In person: tell me a story

Chief executive Karen Middleton on why stories are a powerful way to influence others.

Think of the last conference you attended and the speaker who inspired you most. Just reflect for a moment about what they said or did that inspired you.
I bet they told you a story of some sort. And I bet it contained a personal component.
I was once told: ‘It isn’t what someone says, or what they do, but it is how they made you feel that you remember.’ I think this is a lesson that really good speakers have learned – they make you feel differently about something. And that usually happens when a connection is made between them and you. Connections are often made through stories.
I recently experienced this at a CSP Council meeting. Members were about to discuss and decide on some final parts of the jigsaw following the review of governance at the CSP. It was going to be tough – as one person described it: ‘This is like turkeys voting for Christmas.’ Before the discussion began, every Council member and all the vice presidents were asked to stand up and say what their ambition was for the outcome of the governance review. 

Hopes for the profession

It was an extremely powerful 40 minutes – about 30 members standing up and explaining what this meant to them; what their hopes were for the future of the profession; the issues that Council needed to take note of; the legacy they wanted to leave; the personal sacrifice they were willing to make and why this mattered.
I was really moved by what I heard. Their stories made me want to give of my very best when implementing Council’s decisions. We will revisit this at the next meeting in June and will have more information about what they decide after that.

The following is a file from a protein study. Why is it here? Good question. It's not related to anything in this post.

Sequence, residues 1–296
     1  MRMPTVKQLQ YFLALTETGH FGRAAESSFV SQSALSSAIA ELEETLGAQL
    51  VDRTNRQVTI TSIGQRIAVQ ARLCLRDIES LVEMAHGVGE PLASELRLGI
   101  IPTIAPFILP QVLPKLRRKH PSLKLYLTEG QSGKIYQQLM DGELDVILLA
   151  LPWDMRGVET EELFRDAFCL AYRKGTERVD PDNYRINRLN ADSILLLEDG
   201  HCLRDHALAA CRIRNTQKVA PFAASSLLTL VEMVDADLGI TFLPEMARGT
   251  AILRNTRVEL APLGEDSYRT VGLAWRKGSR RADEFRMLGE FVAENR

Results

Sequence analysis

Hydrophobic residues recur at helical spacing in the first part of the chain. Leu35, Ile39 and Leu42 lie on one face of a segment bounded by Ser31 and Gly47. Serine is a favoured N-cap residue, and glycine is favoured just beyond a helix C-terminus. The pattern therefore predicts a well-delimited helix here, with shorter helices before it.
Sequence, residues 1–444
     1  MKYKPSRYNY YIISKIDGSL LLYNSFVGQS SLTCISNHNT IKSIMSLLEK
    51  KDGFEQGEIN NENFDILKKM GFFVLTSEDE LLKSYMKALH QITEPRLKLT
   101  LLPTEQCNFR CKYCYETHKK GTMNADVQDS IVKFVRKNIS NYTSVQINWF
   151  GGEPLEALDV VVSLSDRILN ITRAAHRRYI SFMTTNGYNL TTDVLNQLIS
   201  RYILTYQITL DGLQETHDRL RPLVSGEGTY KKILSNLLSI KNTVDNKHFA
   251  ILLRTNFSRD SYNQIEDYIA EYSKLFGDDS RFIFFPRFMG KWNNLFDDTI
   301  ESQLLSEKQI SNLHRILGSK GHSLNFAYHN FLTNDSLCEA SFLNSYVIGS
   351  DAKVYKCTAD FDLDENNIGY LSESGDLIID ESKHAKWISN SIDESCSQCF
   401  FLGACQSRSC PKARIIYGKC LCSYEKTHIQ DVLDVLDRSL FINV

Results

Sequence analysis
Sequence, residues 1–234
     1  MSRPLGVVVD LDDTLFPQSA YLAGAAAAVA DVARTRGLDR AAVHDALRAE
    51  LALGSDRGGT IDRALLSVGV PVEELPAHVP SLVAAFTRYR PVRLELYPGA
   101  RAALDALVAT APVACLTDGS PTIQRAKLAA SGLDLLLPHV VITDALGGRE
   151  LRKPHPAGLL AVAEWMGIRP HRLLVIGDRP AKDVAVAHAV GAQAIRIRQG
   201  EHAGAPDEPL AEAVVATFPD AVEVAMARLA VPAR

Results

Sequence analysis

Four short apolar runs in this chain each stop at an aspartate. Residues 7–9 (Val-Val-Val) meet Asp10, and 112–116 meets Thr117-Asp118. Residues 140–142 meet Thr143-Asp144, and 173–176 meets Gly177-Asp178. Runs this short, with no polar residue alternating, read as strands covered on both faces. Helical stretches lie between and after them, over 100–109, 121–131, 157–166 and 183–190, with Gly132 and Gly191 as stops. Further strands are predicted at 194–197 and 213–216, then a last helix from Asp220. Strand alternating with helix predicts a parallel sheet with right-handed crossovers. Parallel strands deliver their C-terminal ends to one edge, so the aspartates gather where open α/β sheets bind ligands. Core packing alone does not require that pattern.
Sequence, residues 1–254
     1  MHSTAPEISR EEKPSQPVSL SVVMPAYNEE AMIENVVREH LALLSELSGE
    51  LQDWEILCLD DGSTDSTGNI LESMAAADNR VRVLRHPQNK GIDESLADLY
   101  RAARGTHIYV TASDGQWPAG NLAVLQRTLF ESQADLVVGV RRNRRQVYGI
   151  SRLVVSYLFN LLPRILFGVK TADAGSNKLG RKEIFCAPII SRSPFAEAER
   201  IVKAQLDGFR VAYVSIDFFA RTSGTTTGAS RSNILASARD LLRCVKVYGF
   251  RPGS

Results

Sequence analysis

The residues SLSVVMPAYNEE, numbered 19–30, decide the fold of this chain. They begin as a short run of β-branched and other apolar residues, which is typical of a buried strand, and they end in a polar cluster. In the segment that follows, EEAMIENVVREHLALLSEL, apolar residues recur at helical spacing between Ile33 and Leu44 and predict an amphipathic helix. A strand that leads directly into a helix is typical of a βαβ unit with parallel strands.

I am sure many of you have used the impact of a story when trying to influence those with the power and money to buy your service. I often talk about the value of using data and information that will appeal to someone’s rational side, but there is nothing like a story to engage the emotions.
I often remark that the more emotive your approach is, the better. But what is key is that the story is authentic, because you will tell it better when it’s real. If you can connect with the person you are trying to influence through your story, the more likely you are to have the desired impact. And if a person or patient is involved, give them a name!
Another time I have found storytelling useful is during a time of change. It helps when I am trying to connect with people on a level that expresses my understanding of their hopes and fears. But it also takes them with me on the change process to the vision I have painted.
For me, storytelling – or the business narrative – and leadership are closely aligned; they are both performing arts and they need practice. When they go well, and are used correctly, they are extremely powerful and can move people to do things they never thought possible. 
I have used storytelling in various ways in my leadership journey and am constantly trying to improve. I have used stories to motivate others to act; to build trust in who I am; to build trust in the organisation I work for, in this case the CSP, when I am out with members. 

Expressing values

I’ve also used it to express my values; to get things done collaboratively; to help people to learn or for me to transmit knowledge. And I have used storytelling to neutralise gossip and rumours and to lead people into the future.
So alongside your work to capture activity and outcomes using data and information, I suggest it’s also important to develop your storytelling skills so that you connect with those you are trying to influence. 
One of the best people I have seen and heard who does this well is Bill Clinton – you only have to watch his speech at the recent funeral of Martin McGuinness to see what I mean.
Karen Middleton Chief Executive Officer CSP

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